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Third Sunday after Pentecost: Proper 8C

Track 1: The God of Elijah

2 Kings 2:1-2, 6-14
Psalm 77:1-2, 11-20
Galatians 5:1,13-25
Luke 9:51-62

We continue with the story of Elijah. God had instructed Elijah to anoint Elisha to take his place. It was time for the great prophet to be translated to heaven. We read in 2 Kings:

When they had crossed, Elijah said to Elisha, “Tell me what I may do for you, before I am taken from you.” Elisha said, “Please let me inherit a double share of your spirit.” He responded, “You have asked a hard thing; yet, if you see me as I am being taken from you, it will be granted you; if not, it will not.” As they continued walking and talking, a chariot of fire and horses of fire separated the two of them, and Elijah ascended in a whirlwind into heaven. Elisha kept watching and crying out, “Father, father! The chariots of Israel and its horsemen!” But when he could no longer see him, he grasped his own clothes and tore them in two pieces.

He picked up the mantle of Elijah that had fallen from him, and went back and stood on the bank of the Jordan. He took the mantle of Elijah that had fallen from him, and struck the water, saying, “Where is the Lord, the God of Elijah?” When he had struck the water, the water was parted to the one side and to the other, and Elisha went over.   (2 Kings 2:9-14)

Elisha was very ambitious. He wanted a double portion of the anointing which Elijah had. Nonetheless, something was missing in Elisha’s understanding of God.

Elisha call out to as the God, addressing him as the God of Elijah. God should not be defined by one man’s relationship with him. He is not just the God of one man or woman. In the Old Testament he was referred to as “the God of Abraham, the God of Isaac, and the God of Jacob.” This changed, however, when God called Moses to lead his people out of Egypt:

So come, I will send you to Pharaoh to bring my people, the Israelites, out of Egypt.” But Moses said to God, “Who am I that I should go to Pharaoh, and bring the Israelites out of Egypt?” He said, “I will be with you; and this shall be the sign for you that it is I who sent you: when you have brought the people out of Egypt, you shall worship God on this mountain.”

But Moses said to God, “If I come to the Israelites and say to them, ‘The God of your ancestors has sent me to you,’ and they ask me, ‘What is his name?’ what shall I say to them?” God said to Moses, “I am who I am.” He said further, “Thus you shall say to the Israelites, ‘I am has sent me to you.’” God also said to Moses, “Thus you shall say to the Israelites, ‘The Lord, the God of your ancestors, the God of Abraham, the God of Isaac, and the God of Jacob, has sent me to you’:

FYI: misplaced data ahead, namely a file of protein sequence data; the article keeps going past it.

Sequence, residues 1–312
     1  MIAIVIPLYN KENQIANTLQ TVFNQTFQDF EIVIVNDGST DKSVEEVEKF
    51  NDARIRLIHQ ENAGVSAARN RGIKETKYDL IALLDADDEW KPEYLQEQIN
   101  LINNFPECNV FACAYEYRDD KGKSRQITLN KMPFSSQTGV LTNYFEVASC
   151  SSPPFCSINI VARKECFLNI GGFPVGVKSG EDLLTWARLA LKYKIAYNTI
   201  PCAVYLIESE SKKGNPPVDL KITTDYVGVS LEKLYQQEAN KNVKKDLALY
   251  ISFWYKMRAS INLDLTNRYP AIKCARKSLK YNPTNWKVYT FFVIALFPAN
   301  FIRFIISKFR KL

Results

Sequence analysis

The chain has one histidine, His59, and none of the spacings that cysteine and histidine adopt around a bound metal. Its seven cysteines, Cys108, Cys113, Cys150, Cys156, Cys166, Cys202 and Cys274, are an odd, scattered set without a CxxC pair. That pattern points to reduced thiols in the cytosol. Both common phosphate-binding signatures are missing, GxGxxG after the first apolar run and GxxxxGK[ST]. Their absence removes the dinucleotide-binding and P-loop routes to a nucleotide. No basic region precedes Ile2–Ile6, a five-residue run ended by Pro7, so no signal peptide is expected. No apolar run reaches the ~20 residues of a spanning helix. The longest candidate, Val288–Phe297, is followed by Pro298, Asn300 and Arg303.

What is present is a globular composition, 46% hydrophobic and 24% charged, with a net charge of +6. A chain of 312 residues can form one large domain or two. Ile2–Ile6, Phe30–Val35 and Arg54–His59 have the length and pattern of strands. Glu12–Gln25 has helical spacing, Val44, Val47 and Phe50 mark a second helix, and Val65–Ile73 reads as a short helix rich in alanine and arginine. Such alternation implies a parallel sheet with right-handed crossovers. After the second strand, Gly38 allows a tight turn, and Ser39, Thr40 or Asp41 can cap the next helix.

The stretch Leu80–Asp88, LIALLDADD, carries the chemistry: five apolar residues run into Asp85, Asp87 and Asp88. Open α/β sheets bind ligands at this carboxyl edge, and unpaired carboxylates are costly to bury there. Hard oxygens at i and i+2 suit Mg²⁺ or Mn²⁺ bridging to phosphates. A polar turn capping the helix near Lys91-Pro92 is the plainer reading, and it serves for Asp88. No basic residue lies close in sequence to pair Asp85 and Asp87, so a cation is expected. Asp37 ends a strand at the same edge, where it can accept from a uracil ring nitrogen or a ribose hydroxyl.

This is my name forever,
and this my title for all generations.   (Exodus 3:10-15)

God was telling Moses that he must understood in a much broader context. If we know God only through his relationship with another person then we are missing the very nature of God. God transcends any human definition of himself.

The psalmist reflected upon God:

In the day of my trouble I sought the Lord;
my hands were stretched out by night and did not tire;
I refused to be comforted.

I will remember the works of the Lord,
and call to mind your wonders of old time.

I will meditate on all your acts
and ponder your mighty deeds.

Your way, O God, is holy;
who is so great a god as our God?

You are the God who works wonders
and have declared your power among the peoples.

By your strength you have redeemed your people,
the children of Jacob and Joseph.   (Psalm 77:2, 11-15)

To know God is to know his works. He is not just the God of our spiritual mentor. He is creator God of love for all of us to experience and know, if that is our desire. We need to expand our thinking. We need to meditate on the mighty acts of God down trough the ages.

I think that we can safely assume that the Prophet Elisha gsinrf a deeper underrating of God during his prophetic ministry. Though he had a double portion of Elijah’s anointing, he would have been greatly handicapped in faithfully serving God without his teaching, healing, and direction.

How about us today? Are we seeking impressive spiritual power? For what purpose? Do we know who God is? We cannot know God the Father without knowing God the Son. The Pharisees were confused about who Jesus was. They were not prepared for his answer. Jesus said:

Your ancestor Abraham rejoiced that he would see my day; he saw it and was glad.” Then the Jews said to him, “You are not yet fifty years old, and have you seen Abraham?” Jesus said to them, “Very truly, I tell you, before Abraham was, I am.”   (John 8:56-58)